Kevin Rudd has moved to neutralise the asylum seeker issue by concluding a “Regional Resettlement Agreement” with the Papua New Guinea government to resettle all maritime arrivals assessed as genuine refugees in Papua New Guinea.
They will also be relocated to PNG while they are being assessed, at an expanded facility at Manus Island and at new facilities. Under the Rudd policy, there will be no chance for anyone who arrives by boat henceforth to be resettled in Australia.
The Prime Minister has also flagged with the United Nations that he would be convening an international process involving what he called “transit countries” to address asylum seeker flows under the UN Refugee Convention, and indicated Australia would look to increase its humanitarian intake in the long-term.
The agreement comes with a significant but as yet unspecified increase in aid to Papua New Guinea, particularly in health and education. However, Rudd claims the overall package will be revenue neutral.
Immigration Minister Tony Burke stated that women and children would not be transferred to Manus Island until the quality of that facility was improved, but emphasised that no one on boats arriving from now on would ever be resettled in Australia.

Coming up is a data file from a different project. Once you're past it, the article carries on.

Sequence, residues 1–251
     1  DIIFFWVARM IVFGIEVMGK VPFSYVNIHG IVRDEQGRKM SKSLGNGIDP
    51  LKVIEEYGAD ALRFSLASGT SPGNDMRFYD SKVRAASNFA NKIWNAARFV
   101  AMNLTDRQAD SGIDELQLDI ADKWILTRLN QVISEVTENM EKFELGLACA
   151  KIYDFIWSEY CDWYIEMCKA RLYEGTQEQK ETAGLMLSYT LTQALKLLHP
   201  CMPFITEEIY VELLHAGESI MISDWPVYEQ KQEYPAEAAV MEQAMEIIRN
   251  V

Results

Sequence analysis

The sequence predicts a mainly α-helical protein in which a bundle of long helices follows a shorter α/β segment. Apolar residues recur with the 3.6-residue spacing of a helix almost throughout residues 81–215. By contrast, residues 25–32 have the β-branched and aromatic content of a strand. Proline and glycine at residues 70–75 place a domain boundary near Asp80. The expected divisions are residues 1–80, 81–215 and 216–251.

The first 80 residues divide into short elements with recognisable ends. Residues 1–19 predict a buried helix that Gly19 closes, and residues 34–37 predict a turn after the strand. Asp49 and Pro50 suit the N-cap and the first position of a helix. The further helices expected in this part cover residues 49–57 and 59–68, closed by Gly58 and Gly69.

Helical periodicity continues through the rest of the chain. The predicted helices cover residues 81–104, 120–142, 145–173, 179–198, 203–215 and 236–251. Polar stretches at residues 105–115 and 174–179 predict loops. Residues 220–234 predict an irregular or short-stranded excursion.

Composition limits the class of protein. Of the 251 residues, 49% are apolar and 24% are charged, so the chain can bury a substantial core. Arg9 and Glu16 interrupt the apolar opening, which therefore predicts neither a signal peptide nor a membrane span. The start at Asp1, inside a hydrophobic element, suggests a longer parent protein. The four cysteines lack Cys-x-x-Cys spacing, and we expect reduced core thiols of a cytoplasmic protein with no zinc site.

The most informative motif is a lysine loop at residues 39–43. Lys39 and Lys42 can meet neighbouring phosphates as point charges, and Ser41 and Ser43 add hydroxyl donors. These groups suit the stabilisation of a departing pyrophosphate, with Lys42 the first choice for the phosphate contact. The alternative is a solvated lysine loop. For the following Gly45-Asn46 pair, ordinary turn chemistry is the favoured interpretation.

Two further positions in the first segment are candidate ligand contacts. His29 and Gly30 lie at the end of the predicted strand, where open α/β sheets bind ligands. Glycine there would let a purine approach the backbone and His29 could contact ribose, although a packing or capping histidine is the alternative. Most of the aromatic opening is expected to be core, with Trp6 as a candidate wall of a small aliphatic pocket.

By shutting the door on all boat arrivals from this point, the government is looking to address the basic flaw in the Gillard government’s version of the Pacific Solution, that asylum seekers reaching Australia by boat might be transferred for processing to an offshore facility, but they ultimately remained Australia’s responsibility and would have to eventually be resettled in Australia unless another country accepted them.
But under this agreement, that other country will now, permanently, be PNG, thereby removing the capacity of anyone arriving in Australia by boat to be resettled in Australia. Instead PNG, a country with significant developmental issues and a high crime rate, will become the home of anyone arriving by boat. It is, in effect, an open-ended version of the Malaysian Solution, which was struck out by the High Court after refugee advocates challenged it and thus opened the way to the far more draconian, and far less effective, return to the Pacific Solution.
Politically, this just may provide Rudd with enough to neutralise the issue in the electorate: Tony Abbott has his own problems on the issue, with a virtual war of words with Indonesia over towing back boats; Rudd can now present what was, in the context of the Malaysian agreement, a virtual tow-back, if not to Indonesia, then to Port Moresby. And given the agreement has now been reached with the PNG government, it will be difficult for Tony Abbott to repudiate it.
Whether the “Rudd Solution” turns out to be effective remains to be seen, but the pattern of boat arrivals after the announcement of the Malaysian Solution suggests that the prospect of automatically being transferred to a third country is a significant deterrent for asylum seekers desperate to reach Australia by boat.